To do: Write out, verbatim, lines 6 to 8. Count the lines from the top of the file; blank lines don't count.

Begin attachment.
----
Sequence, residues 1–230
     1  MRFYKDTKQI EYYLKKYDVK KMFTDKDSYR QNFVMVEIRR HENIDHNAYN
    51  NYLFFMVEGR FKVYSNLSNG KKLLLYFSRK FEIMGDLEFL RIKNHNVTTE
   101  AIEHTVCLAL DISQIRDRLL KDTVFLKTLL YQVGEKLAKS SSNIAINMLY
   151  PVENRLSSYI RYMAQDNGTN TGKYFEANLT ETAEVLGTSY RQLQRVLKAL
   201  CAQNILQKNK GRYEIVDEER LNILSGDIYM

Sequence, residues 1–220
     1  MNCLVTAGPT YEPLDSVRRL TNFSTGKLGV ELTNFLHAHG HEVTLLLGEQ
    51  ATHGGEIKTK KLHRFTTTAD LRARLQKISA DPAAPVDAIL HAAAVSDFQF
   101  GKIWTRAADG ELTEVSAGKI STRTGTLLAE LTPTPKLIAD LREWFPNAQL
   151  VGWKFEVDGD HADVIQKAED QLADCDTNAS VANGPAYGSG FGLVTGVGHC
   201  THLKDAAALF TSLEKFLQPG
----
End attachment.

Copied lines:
   201  CAQNILQKNK GRYEIVDEER LNILSGDIYM

Sequence, residues 1–220
     1  MNCLVTAGPT YEPLDSVRRL TNFSTGKLGV ELTNFLHAHG HEVTLLLGEQ